Undoubtedly one of the most important and influential writers of the last or any other century, Jorge Luis Borges is one of our two very favorite writers here at "Stories to Go" (the other one is coming up soon--can you guess who?). This Argentinian had such a vivid imagination and played such cunning games with mythology, philosophy, and history that we should probably just stop everything right now to study his dozens of stories one more time. Will you join us?

Tuesday, April 05, 2005

"Miss Brill" by Katherine Mansfield

Poor Miss Brill! She's stuck inside the confines of a Katherine Mansfield story, leading the frustrated, unfulfilled life of a Mansfield woman. Even attending a public concert can bring Miss Brill no lasting joy--and people will talk behind one's back so! Read by Denise Donnelly.

Biographical sketches of Katherine Mansfield invariably must point out how she was born and raised in New Zealand, sought the writing life in England, trysted with John Middleton Murray, and died painfully young and not quite fulfilled. This sketch will be no different. But we do want to remind everyone what an achingly beautiful writer of short stories she was, how she expressed even fleeting joy better than the best can express lasting sorrow, and how through it all she was able to keep one hand to the pen and one to her mouth, just barely stifling the grin that often flickered there.

This is Denise Donnelly's second contribution to these pages, and we wish to thank her for her patience and generosity. We hope that now you will search her name at your local bookstore.

Sunday, April 03, 2005

"The Short Happy Life of Henrietta" by Evan S. Connell

Quite possibly a sort of tribute to Ernest Hemingway not just in title, Connell's story is similar in its abrupt violence and mordant sense of humor. Cruel to Arabs, very cruel to naive Nebraskans, this tiny tale of murder in the Bois de Boulogne is not at all typical of most of Connell's work, except perhaps in its sly artistry. Read by Scoot.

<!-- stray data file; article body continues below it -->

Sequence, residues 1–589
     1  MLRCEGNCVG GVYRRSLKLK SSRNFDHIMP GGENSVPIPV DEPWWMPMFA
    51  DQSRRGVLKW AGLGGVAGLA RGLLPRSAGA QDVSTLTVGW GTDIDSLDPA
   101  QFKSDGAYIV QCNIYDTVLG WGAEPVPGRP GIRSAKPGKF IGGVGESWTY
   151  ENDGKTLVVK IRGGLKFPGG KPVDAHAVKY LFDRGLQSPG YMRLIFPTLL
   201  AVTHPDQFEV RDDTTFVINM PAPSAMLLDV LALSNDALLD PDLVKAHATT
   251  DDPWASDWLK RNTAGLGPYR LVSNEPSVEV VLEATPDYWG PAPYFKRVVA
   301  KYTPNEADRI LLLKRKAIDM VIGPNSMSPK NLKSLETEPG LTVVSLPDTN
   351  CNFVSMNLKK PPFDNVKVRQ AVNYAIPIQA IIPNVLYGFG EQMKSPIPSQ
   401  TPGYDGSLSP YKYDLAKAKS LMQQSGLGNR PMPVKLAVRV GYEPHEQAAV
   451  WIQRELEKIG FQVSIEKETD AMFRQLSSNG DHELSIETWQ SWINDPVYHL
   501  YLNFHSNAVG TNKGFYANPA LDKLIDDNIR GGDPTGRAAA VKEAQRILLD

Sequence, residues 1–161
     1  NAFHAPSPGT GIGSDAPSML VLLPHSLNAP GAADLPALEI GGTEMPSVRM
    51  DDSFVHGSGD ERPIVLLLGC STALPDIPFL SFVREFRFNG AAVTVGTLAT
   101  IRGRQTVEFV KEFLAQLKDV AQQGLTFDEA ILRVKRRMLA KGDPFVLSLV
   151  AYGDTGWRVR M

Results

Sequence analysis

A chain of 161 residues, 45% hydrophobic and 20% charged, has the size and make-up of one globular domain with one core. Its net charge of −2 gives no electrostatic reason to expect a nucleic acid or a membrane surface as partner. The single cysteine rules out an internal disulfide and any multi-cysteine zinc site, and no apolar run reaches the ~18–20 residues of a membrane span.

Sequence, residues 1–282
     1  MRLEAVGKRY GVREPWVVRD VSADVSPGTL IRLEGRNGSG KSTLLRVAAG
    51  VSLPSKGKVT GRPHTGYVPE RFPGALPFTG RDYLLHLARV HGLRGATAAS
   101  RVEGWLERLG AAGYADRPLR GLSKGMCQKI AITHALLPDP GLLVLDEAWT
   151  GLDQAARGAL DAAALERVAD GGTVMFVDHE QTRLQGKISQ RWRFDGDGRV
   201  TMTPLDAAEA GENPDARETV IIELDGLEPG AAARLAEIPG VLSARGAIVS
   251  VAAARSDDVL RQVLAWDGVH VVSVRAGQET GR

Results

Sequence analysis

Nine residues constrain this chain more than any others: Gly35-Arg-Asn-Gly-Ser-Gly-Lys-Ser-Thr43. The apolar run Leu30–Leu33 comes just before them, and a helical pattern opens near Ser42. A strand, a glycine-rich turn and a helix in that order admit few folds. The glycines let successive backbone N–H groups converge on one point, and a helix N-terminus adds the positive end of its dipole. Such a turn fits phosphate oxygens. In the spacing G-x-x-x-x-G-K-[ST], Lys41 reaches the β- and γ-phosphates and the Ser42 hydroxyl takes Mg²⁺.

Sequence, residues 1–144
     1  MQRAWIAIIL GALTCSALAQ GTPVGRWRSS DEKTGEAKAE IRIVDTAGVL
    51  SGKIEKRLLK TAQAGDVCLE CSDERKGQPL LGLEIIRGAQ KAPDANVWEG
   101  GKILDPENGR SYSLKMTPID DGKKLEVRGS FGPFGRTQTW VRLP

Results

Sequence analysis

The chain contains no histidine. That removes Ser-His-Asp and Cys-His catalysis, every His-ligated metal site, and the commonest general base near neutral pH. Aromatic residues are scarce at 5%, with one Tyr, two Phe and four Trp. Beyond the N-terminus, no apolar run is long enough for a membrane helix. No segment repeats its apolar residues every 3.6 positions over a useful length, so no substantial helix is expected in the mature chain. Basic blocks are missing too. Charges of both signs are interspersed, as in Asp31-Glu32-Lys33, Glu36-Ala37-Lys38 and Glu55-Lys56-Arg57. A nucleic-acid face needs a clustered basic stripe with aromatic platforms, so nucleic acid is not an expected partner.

Known to many fans as the author of the psychologically revealing novels Mrs. Bridge and Mrs. Bridge and the historical study Son of the Morning Star, Evan S. Connell is another Midwesterner who found himself living in France in the 1950s (we think). Connell also has written much more experimental prose-poetry and a whole slew of incisive short stories. It's too bad that despite having loved his work for a long time we still know so little about him--probably he likes it that way.

"A Clean, Well-Lighted Place" by Ernest Hemingway

In a clean, well-lighted cafe, late at night and just before closing time, the waiters and an old man debate life and death in a most Hemingwayesque manner. Read by Neil Miller.

This is one of Ernest Hemingway's most famous short stories, a typical example of his terse yet tender style, simmering with violence just beneath the surface. The author's adventurous, peripatetic life took him from Illinois to France to Florida to Cuba to Idaho, and a lot of places in between. This story was first published when he was living in Key West.

Neil Miller is an award-winning writer who teaches journalism at Tufts University; his last book is Sex Crime Panic, quite possibly set to become a major motion picture. He is currently working on a book about the discovery of a huge cavern system in Arizona.